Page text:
Thirdly the suite of Australian coals was tested using the new test and their likely performance assessed.

The fouling technique employs a metal test coupon, the surface of which is maintained at a controlled temperature typically in the region of 600 ?C and deposits are built up very slowly after preconditioning the surface. Deposit growth rates normalised for coal ash content are calculated and together with simulated soot blowing data give information on the amount and strength of deposits formed. Fusibility is also assessed from photomicrographs of furnace deposit samples.

The slagging technique developed uses a refractory coupon that is assumed to be close in temperature to the gas temperature within the furnace, typically in excess of 1500 ?C. At this temperature slags form readily for those coals that are likely to give rise to problems at full scale. However, much higher coal feed rates must be used to build up sufficiently thick layers of deposit for the test to be completed in a reasonable time scale. Assessment of the deposits is carried out using a scratch test, to subjectively assess the hardness of the deposits formed, and also using Computer Controlled - Scanning Electron Microscopy (CC-SEM). This provides detailed information on the mineral species present, allowing the likely viscosity of potential deposits in a full scale boiler to be assessed, and also provides useful information on the interaction between the deposit and substrate surface.

The following has been concluded from this study:
  • The suite of Australian coals could be characterised mineralogically and their fouling characteristics determined using an existing DTF-based methodology together with microscopy of the deposits formed. The DTF produces deposits comparable with those produced by a 150 kW test facility and provides information on the effect of coal quality on deposit strength and surface adhesion by comparison with data for a number of standard coals studied. Microscopic examination of coals and deposits also gives a good indication of the propensity of a coal to form deposits in a pf-fired boiler. Overall the results confirm the potential for fouling to occur, albeit that the three Australian coals were selected because they were known to give problems under some circumstances.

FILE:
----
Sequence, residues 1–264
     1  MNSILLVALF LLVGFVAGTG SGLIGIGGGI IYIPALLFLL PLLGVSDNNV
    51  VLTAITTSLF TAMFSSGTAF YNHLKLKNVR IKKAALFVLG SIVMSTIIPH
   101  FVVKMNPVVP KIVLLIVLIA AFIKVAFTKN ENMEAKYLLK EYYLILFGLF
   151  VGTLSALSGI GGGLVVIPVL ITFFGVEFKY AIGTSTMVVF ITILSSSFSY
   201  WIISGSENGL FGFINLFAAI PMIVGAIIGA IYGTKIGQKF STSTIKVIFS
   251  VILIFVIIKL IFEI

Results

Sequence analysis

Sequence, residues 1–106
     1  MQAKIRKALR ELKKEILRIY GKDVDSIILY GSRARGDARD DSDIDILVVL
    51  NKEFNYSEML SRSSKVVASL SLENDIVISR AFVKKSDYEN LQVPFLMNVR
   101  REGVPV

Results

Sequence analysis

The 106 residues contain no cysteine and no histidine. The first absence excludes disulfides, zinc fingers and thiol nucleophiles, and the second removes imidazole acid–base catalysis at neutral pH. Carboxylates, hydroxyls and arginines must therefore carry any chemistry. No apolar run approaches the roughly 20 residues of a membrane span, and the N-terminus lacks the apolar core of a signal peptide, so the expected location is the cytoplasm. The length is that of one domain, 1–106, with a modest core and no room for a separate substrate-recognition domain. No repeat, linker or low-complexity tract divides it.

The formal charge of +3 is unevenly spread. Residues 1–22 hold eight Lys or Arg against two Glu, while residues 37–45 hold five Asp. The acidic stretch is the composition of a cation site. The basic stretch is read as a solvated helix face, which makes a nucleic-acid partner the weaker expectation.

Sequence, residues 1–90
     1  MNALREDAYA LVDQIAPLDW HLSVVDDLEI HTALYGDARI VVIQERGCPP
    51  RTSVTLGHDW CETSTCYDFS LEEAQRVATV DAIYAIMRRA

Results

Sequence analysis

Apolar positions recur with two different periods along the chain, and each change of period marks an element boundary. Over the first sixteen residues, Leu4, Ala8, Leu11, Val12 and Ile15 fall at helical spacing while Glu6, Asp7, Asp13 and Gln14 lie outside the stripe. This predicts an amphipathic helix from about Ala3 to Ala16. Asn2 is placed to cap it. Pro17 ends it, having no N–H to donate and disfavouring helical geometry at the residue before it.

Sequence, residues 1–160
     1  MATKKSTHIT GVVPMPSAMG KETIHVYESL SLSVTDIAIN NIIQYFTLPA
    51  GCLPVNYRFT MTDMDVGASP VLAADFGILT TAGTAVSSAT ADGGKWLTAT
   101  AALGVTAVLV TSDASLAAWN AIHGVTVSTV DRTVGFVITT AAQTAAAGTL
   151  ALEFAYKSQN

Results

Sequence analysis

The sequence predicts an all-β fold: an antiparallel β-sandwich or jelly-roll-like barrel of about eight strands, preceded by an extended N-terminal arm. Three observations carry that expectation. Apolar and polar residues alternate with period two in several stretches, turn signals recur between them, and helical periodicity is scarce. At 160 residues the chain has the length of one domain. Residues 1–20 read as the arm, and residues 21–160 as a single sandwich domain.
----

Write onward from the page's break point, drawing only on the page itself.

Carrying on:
• Techniques for evaluating slagging propensity were assessed and the most appropriate approach for implementation to the drop tube furnace was identified.
  • A slagging test has been developed that gives rise to the formation and permits the evaluation of more consolidated slagging deposits.
  • The approach developed relies upon comparison of standard coals with know pilot and full scale performance and detailed microscopic analysis of the deposits shows that the methodology produces material characteristic of the advanced stages of boiler deposition.
  • A simple deposit hardness test and detailed assessment by CC-SEM provide data that is in good agreement with pilot scale data for standard coals.
  • The results are also consistent with available full-scale and pilot scale data for the Australian coals

Preparation techniques, such as washing and screening, offer means that coal suppliers may use to reduce ash contents and help operators minimise costs. In principle the reduction in the quantity of ash available for deposition should reduce ash deposition problems. However, there is some evidence from these studies that simply reducing ash content may have adverse effects on deposit properties. This is because coal-cleaning techniques may preferentially remove only some mineral components leaving relatively high concentrations of 'problem' minerals. This requires further investigation and a thorough evaluation of the DTF technique for studying cleaned and blended coals. If applicable it would provide a useful technique for establishing coal modifications which can be used to produce low slagging coals.